Scream's History And Legacy: 1997's Scream 2 Is A Brilliant Sequel Made Lightning Fast

Neve Campbell, Liev Schreiber, and Courteney Cox in Scream 2
(Image credit: Dimension Films)

When Wes Craven’s Scream first arrived in theaters on December 20, it didn’t become an instant hit, opening in fourth place and making $6.4 million – but it proved to be something special in its second weekend. The arrival of the John Travolta film Michael pushed it down in the rankings to fifth place, but ticket sales actually went up, the buzzy horror film bringing in $9.1 million in its second Friday-to-Sunday, and then it managed to do even better than that in its third weekend (the first of the year 1997). Dimension Films was quickly aware that something exceptional was going on, and the original theatrical run lasted until Memorial Day weekend.

The success created an irony. In the 1980s and early 1990s, the horror genre was nearly killed by studios releasing endless sequels in slasher franchises, and Scream helped revive the form with its fresh, original, post-modern attitude… and yet, the film’s extreme popularity also demanded that a follow-up be made.

Dimension almost immediately gave a green light to Wes Craven to make Scream 2, and fortunately screenwriter Kevin Williamson was ready for the possibility. As explained by producer Bob Weinstein in the documentary Scream: The Inside Story, the original script included a five-page treatment for a sequel, and it outlined much of the film as we know it – with Sidney Prescott (Neve Campbell) and Randy Meeks (Jamie Kennedy) heading off to college and finding themselves at the center of another round of Ghostface killings amidst the release of Stab, a movie about the Woodsboro murders based on a book by Courteney Cox’s Gale Weathers.

That work put the filmmakers on solid footing as plans were made to release Scream 2 within the year, but complications diminished that advantage. For starters, the internet was voracious in hunting for information about the follow-up, and part of that hunger was not caring if what was learned ruined the movie. Leaks were a problem right from the very beginning, as Wes Craven explains in the documentary Still Screaming: The Ultimate Scary Movie Retrospective:

Kevin sent us something like 30 pages by email. We read it, it was fabulous; it was on the internet in its entirety that night. All of you little fuckers out there who think that’s really cute? You fucking ruined our next three months.

Measures were eventually taken to stop the leaks, including fake scripts. In a 2017 interview with Dread Central, Kevin Williamson explained that there were “dummy drafts” created to throw obsessive internet geeks off track – including one that had Elise Neal's Hallie McDaniel and Jerry O'Connell's Derek Feldman as the killers. David Arquette’s Dewey Riley was the man behind the mask in another.

The other big issue was the fact that 1997 was the year that Kevin Williamson was creating and shooting a brand new television series: Dawson’s Creek. Productions overlapped, and that meant that the script for Scream 2 was still being written when principal photography began.

Many, many bad movies have origin stories like this – but most movies don’t have brilliant minds like Wes Craven and Kevin Williamson making the important creative decisions. Released on December 10, 1997, Scream 2 was the opposite of a disaster, earning critical acclaim and just about matching its phenomenally successful predecessor at the box office. The arrival of Hollywood’s biggest new horror franchise was affirmed, further establishing Scream’s History And Legacy.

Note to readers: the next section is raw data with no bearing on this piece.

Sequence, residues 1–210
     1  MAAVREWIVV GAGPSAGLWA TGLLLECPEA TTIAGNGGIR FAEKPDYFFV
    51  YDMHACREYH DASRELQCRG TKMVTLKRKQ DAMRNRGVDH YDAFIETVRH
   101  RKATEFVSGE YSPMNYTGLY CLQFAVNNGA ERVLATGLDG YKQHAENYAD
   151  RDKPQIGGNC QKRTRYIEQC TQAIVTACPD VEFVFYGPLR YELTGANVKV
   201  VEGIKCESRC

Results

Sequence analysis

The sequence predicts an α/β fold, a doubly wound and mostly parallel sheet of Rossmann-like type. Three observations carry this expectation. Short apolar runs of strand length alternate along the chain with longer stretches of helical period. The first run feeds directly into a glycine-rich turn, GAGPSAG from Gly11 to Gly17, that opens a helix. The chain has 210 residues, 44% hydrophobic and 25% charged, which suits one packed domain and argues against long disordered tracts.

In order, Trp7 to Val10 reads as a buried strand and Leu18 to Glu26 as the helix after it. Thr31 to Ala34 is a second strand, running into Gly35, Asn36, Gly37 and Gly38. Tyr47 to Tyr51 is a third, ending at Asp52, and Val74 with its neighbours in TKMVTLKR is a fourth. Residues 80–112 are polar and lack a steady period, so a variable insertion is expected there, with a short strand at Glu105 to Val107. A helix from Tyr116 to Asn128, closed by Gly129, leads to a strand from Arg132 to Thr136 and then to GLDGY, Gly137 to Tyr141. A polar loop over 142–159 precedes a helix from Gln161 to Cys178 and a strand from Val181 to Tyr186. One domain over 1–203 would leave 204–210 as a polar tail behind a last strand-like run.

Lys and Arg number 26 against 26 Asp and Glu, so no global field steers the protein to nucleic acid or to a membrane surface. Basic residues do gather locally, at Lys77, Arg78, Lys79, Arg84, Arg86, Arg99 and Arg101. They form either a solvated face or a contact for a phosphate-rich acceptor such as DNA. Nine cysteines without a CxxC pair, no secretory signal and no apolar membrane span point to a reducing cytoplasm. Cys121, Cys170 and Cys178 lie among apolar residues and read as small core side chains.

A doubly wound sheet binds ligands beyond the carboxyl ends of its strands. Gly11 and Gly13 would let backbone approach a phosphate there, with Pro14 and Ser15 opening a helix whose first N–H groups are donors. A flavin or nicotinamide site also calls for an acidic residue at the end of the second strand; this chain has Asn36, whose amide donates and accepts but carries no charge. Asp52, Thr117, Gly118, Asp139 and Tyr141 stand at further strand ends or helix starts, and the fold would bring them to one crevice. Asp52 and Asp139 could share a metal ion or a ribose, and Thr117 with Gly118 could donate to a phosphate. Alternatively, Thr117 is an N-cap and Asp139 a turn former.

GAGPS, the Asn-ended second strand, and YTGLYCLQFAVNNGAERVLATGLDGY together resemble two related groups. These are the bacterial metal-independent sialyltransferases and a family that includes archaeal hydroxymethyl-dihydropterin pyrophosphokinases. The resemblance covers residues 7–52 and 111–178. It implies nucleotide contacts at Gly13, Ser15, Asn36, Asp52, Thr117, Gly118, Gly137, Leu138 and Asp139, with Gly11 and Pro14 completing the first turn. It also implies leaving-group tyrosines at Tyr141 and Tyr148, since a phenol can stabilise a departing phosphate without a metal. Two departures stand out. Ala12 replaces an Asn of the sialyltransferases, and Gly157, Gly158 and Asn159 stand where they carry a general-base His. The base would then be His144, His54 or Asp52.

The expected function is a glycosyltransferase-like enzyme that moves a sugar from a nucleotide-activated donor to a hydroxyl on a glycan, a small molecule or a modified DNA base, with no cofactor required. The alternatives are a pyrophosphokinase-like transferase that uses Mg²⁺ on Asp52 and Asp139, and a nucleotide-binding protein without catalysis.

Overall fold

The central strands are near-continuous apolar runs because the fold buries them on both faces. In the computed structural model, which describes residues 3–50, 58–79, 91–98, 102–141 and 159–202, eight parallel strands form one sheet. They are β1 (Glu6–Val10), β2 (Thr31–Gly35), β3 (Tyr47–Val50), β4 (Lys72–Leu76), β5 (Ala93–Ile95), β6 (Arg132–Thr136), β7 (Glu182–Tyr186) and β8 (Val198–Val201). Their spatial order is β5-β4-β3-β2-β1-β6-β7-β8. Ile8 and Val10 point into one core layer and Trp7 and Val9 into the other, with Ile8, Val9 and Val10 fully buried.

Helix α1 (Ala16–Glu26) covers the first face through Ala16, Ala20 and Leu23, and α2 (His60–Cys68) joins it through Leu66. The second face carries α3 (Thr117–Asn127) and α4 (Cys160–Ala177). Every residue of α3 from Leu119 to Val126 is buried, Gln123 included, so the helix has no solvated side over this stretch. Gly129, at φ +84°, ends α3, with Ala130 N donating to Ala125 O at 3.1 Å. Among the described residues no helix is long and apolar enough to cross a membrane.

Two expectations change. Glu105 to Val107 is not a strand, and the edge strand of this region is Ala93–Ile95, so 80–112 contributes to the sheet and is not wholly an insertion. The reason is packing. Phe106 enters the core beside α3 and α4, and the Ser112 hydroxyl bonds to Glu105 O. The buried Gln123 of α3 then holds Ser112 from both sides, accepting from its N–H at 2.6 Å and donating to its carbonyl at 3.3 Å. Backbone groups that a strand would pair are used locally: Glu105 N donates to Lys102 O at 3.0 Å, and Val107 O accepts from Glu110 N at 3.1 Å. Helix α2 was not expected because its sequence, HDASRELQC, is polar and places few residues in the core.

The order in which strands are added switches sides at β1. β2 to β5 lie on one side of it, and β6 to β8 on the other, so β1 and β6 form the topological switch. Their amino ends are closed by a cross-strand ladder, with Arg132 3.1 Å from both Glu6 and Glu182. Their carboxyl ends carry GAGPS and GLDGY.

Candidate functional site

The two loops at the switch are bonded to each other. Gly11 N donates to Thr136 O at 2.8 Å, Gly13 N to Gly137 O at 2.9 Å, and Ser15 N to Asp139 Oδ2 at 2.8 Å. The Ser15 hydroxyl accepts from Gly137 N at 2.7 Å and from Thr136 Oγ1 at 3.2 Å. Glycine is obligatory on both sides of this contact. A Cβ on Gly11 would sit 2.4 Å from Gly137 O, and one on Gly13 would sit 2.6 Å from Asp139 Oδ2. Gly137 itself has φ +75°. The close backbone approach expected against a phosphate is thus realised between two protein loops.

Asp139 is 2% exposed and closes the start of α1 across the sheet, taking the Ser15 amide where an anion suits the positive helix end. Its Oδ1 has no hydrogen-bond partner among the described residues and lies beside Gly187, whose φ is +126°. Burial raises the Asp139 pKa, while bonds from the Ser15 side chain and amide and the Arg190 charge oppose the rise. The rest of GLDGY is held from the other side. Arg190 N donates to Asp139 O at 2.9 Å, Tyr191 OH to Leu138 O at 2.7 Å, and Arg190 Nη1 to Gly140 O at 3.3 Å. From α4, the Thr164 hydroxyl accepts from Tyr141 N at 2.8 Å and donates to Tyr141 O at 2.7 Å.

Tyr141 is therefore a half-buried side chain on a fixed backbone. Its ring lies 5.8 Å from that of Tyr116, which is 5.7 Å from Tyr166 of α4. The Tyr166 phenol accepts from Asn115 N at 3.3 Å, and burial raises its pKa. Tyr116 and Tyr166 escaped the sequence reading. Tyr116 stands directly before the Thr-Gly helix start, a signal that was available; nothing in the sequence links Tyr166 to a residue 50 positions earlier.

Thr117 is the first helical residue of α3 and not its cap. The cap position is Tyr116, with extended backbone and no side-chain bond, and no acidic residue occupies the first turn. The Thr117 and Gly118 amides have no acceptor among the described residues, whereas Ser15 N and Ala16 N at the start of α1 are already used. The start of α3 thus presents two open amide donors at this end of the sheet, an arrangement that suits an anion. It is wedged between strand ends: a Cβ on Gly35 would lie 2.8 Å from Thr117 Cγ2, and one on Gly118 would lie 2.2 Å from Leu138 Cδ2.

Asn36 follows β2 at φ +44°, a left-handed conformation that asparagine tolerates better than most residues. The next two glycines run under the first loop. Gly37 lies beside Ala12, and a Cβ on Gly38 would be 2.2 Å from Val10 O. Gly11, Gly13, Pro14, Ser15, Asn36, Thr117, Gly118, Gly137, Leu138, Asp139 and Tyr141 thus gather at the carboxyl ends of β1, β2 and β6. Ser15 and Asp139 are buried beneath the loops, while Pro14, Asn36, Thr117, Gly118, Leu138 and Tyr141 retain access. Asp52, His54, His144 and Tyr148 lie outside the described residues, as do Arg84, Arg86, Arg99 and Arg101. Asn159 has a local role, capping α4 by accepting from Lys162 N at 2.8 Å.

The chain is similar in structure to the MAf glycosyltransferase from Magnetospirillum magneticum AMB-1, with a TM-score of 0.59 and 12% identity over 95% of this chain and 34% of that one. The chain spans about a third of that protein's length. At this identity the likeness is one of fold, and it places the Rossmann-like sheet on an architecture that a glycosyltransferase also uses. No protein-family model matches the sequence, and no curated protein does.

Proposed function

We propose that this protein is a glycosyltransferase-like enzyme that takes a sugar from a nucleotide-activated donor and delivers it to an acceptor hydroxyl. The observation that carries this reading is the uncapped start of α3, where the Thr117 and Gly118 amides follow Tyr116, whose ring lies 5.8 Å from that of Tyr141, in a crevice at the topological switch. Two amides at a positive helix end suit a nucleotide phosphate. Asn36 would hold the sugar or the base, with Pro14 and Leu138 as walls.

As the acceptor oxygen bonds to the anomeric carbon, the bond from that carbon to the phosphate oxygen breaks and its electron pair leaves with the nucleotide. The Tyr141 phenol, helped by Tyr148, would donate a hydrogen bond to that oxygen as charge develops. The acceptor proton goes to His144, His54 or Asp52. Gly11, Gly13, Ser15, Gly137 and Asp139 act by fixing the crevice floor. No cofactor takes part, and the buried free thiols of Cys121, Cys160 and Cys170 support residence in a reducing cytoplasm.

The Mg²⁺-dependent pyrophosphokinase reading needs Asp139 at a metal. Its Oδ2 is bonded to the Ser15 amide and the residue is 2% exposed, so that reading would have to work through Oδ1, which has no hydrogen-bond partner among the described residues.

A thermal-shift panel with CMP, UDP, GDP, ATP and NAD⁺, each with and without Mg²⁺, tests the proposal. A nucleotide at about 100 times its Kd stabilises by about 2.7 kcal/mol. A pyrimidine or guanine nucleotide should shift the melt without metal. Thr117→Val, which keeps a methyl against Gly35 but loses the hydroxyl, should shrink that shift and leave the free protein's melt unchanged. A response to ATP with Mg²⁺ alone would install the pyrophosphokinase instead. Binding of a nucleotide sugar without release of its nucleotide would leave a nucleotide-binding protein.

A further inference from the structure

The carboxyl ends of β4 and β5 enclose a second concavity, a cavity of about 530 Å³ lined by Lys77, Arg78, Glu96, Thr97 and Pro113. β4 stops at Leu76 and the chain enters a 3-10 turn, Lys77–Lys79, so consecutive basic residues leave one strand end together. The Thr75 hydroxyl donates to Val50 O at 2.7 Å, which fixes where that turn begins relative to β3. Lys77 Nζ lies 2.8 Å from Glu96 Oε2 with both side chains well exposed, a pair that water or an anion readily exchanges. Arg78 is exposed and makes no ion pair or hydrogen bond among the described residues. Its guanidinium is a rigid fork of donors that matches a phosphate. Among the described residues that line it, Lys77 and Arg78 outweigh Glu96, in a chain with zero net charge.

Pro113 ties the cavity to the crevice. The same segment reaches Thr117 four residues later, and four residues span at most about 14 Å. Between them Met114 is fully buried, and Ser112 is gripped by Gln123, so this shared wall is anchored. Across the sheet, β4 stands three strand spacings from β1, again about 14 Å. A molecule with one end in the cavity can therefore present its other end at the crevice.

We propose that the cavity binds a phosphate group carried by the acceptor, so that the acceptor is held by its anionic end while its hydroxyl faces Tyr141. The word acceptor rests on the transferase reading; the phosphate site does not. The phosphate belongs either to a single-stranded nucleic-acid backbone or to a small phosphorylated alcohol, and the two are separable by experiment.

Courteney Cox in Scream 2

(Image credit: Dimension Films)

Why Scream 2 Is The Third Best Movie The Scream Franchise

It goes without saying that the barrage of slasher sequels in the 1980s and early 1990s wouldn’t have nearly killed the horror genre if they were actually good on the whole. There are obviously exceptions – with Child’s Play 2 and A Nightmare on Elm Street 3: Dream Warriors being titles that immediately spring to mind as quality films of the era and ilk – but those bright spots were drowned out in a sea of low budget productions that drove interesting original concepts into the ground.

Had things gone in a bad direction with Scream 2, we would be talking about the franchise in a very different way today, but Wes Craven and Kevin Williamson instead proved there was tremendous viability in the meta horror approach. In less than a year, they delivered a sequel that wonderfully built on the previous story, and, 25 years after its release, stands as the third best feature in the series. It has flaws, but also solidifies everything that makes the Scream movies great.

This is true right out the gate with the brilliant opening sequence at the Stab premiere. Matching the magic that is the opening sequence with Drew Barrymore in the first film was always going to be an impossible task, but the movie-within-a-movie is a special kind of brilliant, and the deaths of both Maureen Evans (Jada Pinkett Smith) and Phil Stevens (Omar Epps) are horrific and memorable. Scream 2 is the third best Scream movie, but it has the second best opening.

It’s lamented that more isn’t done with the idea of homage/copycat crimes. It’s fun that the names of the first three victims in the movie cleverly line up with the names of the first three victims in the Woodsboro killings, but it’s disappointing that the idea isn’t explored any further once the pattern is pointed to (for example, there’s no effort to protect potential victims named “Arthur” linked to Henry Winkler’s Principal Himbry). It comes across as not so much a red herring as an undercooked idea, particularly in light of the film’s terrific third act revelations.

The surprise that Debbie Salt (Laurie Metcalf) is actually Billy Loomis’ mother is an outstanding twist that is impossible to see coming (an effective homage to the original Friday The 13th), and while the integration of Mickey (Timothy Olyphant) in the plotting could be stronger, the movie makes up for that lacking with the exposition about his motives and plan. Mrs. Loomis finding her accomplice online is a fun shot taken at the internet – a standout villain for the Scream 2 production – and his planned legal strategy to “blame the movies” is a perfect and sinister inverse of one of Billy Loomis’ most iconic lines: “Movies don't create psychos; movies make psychos more creative!”

All of the returning characters are given vital and exciting roles that are impeccable extensions of where things are left at the end of the first movie (Sidney’s paranoia about her relationship with Derek, for example is perfectly played right up to his murder), and the presence of fame hungry fly-in-the-ointment Cotton Weary (Liev Schreiber) is genius following his 10-second part in Scream. He’s the best antagonist in the franchise who never wears a Ghostface mask.